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Irritations: The false range

A tic that many journalists appear unable to resist is to assemble a list of disparate items inappropriately linked by the construction range from ... to or ranging from … to. Here are some typical examples.

Some scientists believe that embryonic stem cells, which can form different types of body cells, could help provide cures for a range of illnesses from Lou Gehrig's to Parkinson's diseases.

You start the game as an up-and-coming rocker and use the miniature Gibson SG guitar controller to play along with a musical soundtrack of tunes that range from Black Sabbath to Franz Ferdinand.

Pupils write the skits and plays that deal with topics ranging from bullies to drugs to divorce.


Millions of copies of self-help books, by writers ranging from the Dalai Lama to M. Scott Peck, have been purchased by readers seeking road maps to happiness.

What is the continuum on which one can place the Dalai Lama and M. Scott Peck, Lou Gehrig’s disease and Parkinson’s disease, Black Sabbath and Franz Ferdinand? The construction the writers could have used more precisely is that these authors, diseases, performers, topics, whatever are as diverse as.

To have a range requires a set of objects, persons, topics or attributes within a limited set.

The proverbial phrase from soup to nuts means the whole thing, an entire dinner considered as a sequence of courses.

When Samuel Johnson opened The Vanity of Human Wishes by writing, “Let Observation with extensive View,/ Survey Mankind, from China to Peru, China and Peru stand for the entire globe, as a progression through the nations.

Prices can have ranges; heights and weights can have ranges: specific points along a line with an identifiable beginning and end.

My learned colleague, Bill Walsh, expresses the same irritation in The Elephants of Style, but in still moments of the night I fear that he and I and other editors are no more effective than King Canute ordering the tide to stay its motion.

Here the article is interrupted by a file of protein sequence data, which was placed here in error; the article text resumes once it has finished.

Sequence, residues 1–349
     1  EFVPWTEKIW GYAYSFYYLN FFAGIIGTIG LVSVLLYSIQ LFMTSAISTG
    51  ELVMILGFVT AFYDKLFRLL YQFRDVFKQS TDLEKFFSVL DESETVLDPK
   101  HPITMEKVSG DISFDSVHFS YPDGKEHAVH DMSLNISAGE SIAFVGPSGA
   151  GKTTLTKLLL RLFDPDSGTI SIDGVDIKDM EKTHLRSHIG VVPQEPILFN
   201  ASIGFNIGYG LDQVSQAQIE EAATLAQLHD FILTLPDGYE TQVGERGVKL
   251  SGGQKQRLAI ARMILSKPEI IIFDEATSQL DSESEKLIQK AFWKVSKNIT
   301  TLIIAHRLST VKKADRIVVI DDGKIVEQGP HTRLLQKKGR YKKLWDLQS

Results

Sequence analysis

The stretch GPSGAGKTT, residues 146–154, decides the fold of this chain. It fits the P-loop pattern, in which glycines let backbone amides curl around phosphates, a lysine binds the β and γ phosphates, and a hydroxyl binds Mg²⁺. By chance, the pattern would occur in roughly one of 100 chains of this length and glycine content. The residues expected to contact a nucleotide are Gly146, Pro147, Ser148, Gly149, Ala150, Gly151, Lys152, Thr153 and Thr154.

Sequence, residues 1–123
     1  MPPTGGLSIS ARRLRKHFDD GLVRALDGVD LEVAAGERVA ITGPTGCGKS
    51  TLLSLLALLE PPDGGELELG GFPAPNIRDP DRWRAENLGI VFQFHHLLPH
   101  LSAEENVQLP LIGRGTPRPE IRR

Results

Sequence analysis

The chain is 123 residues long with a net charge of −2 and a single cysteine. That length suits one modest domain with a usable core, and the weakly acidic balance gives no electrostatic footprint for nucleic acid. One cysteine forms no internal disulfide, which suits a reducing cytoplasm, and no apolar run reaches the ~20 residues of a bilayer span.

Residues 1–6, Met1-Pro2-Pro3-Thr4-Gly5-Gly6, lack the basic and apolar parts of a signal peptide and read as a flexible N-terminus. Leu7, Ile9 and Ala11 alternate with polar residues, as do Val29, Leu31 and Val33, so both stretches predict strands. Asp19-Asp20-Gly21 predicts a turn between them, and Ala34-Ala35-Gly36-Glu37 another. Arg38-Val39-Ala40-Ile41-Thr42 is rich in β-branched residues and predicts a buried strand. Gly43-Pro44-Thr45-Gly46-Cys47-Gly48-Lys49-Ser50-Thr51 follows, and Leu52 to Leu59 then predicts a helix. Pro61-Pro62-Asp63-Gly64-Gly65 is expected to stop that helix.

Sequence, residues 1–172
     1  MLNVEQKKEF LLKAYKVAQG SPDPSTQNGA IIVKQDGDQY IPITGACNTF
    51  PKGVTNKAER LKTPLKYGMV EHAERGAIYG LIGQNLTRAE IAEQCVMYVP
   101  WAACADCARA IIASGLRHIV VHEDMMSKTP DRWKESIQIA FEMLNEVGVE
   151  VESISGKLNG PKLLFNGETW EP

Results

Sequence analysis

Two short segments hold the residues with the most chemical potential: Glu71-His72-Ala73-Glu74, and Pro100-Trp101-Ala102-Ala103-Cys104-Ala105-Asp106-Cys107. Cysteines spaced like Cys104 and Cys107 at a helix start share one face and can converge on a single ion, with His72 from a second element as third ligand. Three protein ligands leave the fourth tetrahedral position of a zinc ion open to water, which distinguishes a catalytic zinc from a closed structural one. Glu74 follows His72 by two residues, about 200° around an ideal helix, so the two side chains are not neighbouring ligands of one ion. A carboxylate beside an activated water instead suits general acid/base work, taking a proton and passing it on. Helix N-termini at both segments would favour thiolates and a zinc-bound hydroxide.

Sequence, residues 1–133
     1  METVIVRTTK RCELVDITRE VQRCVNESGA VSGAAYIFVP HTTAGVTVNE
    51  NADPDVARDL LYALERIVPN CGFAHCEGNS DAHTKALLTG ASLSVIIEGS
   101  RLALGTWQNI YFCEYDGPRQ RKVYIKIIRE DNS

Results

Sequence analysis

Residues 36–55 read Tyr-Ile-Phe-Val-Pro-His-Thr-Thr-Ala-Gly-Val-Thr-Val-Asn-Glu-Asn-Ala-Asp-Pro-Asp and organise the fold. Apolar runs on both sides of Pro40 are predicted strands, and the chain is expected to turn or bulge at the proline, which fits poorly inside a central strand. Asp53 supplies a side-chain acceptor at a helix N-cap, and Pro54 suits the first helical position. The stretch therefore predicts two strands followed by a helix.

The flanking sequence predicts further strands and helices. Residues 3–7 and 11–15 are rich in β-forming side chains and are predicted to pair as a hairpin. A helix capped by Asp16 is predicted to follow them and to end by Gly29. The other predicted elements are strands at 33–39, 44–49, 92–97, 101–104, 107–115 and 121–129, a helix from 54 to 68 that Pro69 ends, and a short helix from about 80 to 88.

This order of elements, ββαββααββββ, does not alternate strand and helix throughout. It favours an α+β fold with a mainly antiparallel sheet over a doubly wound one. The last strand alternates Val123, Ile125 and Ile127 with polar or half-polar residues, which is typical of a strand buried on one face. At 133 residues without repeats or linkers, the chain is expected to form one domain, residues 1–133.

Still, if you also have irritations that you would like to see vented here, please feel free to share.

Posted by John McIntyre at 9:11 AM | | Comments (7) | TrackBacks (1)
        

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For what it's worth, at Mr. Walsh's blog (http://theslot.blogspot.com/), he has a link to a series of entries that he calls "Sharp Points." He has a Sharp Point addressing the ranging issue at http://www.theslot.com/range.html.

Those links don't seem to be working, Scott.

Range roving is deeply disturbing to us copy-editor types but I find that to change every "ranging from" to "as diverse as" (or its ilk) is not much of an improvement.

For the first link, try:

http://theslot.blogspot.com/

I think what I typed picked up the parenthesis and the comma that followed the address.

For the second link, try:

http://www.theslot.com/range.html

I think what I typed picked up the period that followed the address.

For years I have changed most of the false ranges I encounter in copy.

I continue to change them because the argument for doing so is solid.

But I know a losing battle when I fight one.

Sometimes the items in a "range" aren't diverse at all. In those instances you could correct the sentence by saying "...including x,y, and z." This is what I typically do. But I like your "diverse as," and I'll use that when it's apt.

Not being familiar with the quote from Samuel Johnson, I needed to read that paragraph several times to make sense of what began with a sing-songy poem rhythm and continued in straight prose. I finally realized that the quote was missing its end quotation marks after the word Peru.

Perhaps, because this blog entry is more than 3 years old, it no longer matters, but I have only just discovered this wonderful collection and have started with its earliest entries, making my comments appear 3 years out of date.

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About John McIntyre
John McIntyre, mild-mannered editor for a great metropolitan newspaper, has fussed over writers’ work, to sporadic expressions of gratitude, for thirty years. He is The Sun’s night content production manager and former head of its copy desk. He also teaches editing at Loyola University Maryland. A former president of the American Copy Editors Society, a native of Kentucky, a graduate of Michigan State and Syracuse, and a moderate prescriptivist, he writes about language, journalism, and arbitrarily chosen topics. If you are inspired by a spirit of contradiction, comment on the posts or write to him at john.mcintyre@baltsun.com.
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